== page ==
The construction industry is diverse. In 2020, 30% of construction workers were Hispanic, a large amount considering Hispanic workers make up only 17.6% of the total workforce, according to the Bureau of Labor Statistics. But with that diversity also comes one of the largest language barriers.
A report shows the construction industry has the largest gap between skilled workers who speak a language other than English and the number of managers that can communicate with them. The gap is only expected to widen in the coming years. Construction companies need to take steps now to figure out how to effectively communicate with their non-English-speaking employees, specifically their Spanish-speaking employees. If they don’t, communication issues could arise that affect safety and make staffing even more difficult.
Connect with non-English-speaking workers with training, using “migrant-friendly” English and having HR software that’s available in other languages.
Training managers to speak languages other than English, like Spanish, seems like a great idea. Yet the key to training is not to make managers or supervisors fluent in another language, but to break down some language barriers. For example, ClickSafety offers an online training session called “Communicating with Spanish-Speaking Workers for Construction” that doesn’t intend to teach Spanish as a foreign language but highlights common communication pitfalls. The training teaches work phrases and topics used by OSHA safety and health regulations for construction. The focus on teaching these specific phrases helps supervisors effectively communicate while mitigating risk. The result of the training helps participants learn to work better with Spanish-speaking employees to help maintain a safe working environment.
Construction companies that use training to focus on bridging gaps, instead of expecting full fluency, can improve communication and make their work environments safer quickly. And the training goes both ways. Simple online training sessions can be loaded into learning management systems, like Arcoro’s LMS, that can teach both English and non-English speakers useful phrases they can use on the job.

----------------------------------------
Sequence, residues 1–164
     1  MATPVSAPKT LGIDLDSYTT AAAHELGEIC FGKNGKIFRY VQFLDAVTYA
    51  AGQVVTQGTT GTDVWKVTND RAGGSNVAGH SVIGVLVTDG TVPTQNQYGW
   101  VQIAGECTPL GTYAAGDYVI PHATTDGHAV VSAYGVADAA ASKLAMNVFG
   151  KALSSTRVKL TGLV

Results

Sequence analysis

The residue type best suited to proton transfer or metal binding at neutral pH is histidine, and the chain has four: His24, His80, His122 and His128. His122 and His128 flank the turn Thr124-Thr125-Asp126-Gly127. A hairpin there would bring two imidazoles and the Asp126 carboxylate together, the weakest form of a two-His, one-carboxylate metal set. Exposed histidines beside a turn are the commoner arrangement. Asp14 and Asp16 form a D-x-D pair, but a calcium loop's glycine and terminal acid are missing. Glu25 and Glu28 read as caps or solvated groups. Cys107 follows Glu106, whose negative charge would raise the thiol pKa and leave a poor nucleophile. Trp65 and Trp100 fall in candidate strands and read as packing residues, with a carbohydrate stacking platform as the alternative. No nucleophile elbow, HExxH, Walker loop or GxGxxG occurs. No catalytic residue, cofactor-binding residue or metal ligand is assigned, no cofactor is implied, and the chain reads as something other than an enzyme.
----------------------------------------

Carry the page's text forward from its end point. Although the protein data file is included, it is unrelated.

Use “Migrant-Friendly” English
Communication is at the forefront of safety on a jobsite. Aside from warning workers about potential risks and hazards, site orientation and toolbox talks set the stage for a safe working environment. Using migrant-friendly English during orientation and toolbox talks is a way to break down barriers.
Migrant-friendly English avoids verbs such as “take out” and “blow up” and replaces them with “remove” and “explode,” as Latin-based words are more common to a wide range of languages, especially Spanish, according to an article in Construction Executive. In fact, a version of the word “explode” exists in 17 different European languages. Migrant-friendly English avoids contractions such as can’t and don’t, using cannot and do not instead. It’s also 30% slower than native-speaker speech and composed of short sentences.
Migrant-friendly English can be used to:
- Adopt a best practice language system at work that’s used in safety information and instruction.
- Teach English terms for construction hazards to migrant workers.
And adopting migrant-friendly English is something that can be also done quickly to communicate at work.
Implement HR Software that Offers Translations
Effectively communicating with your employees goes beyond speaking. The tools they use every day on the job should be available in their language as well. HR software, like an applicant tracking system, onboarding, learning management system and time tracking, needs to be available in Spanish (and in French for companies in Canada.) Using software that can communicate in their native language with your employees can keep you compliant and your workers engaged and informed.
What’s more, Spanish-speaking and bilingual workers are a great resource for construction companies, especially with the current labor shortage. Being able to recruit and onboard them in their native language can give your company a hiring edge. And because workers are hired via software that’s in their own language, there’s no worry that information needed for compliance isn’t misinterpreted or skipped.
Taking steps to reach non-English-speaking workers in their own language via recruiting materials, work materials and training helps these workers feel like part of your company and keep them safe on the job site.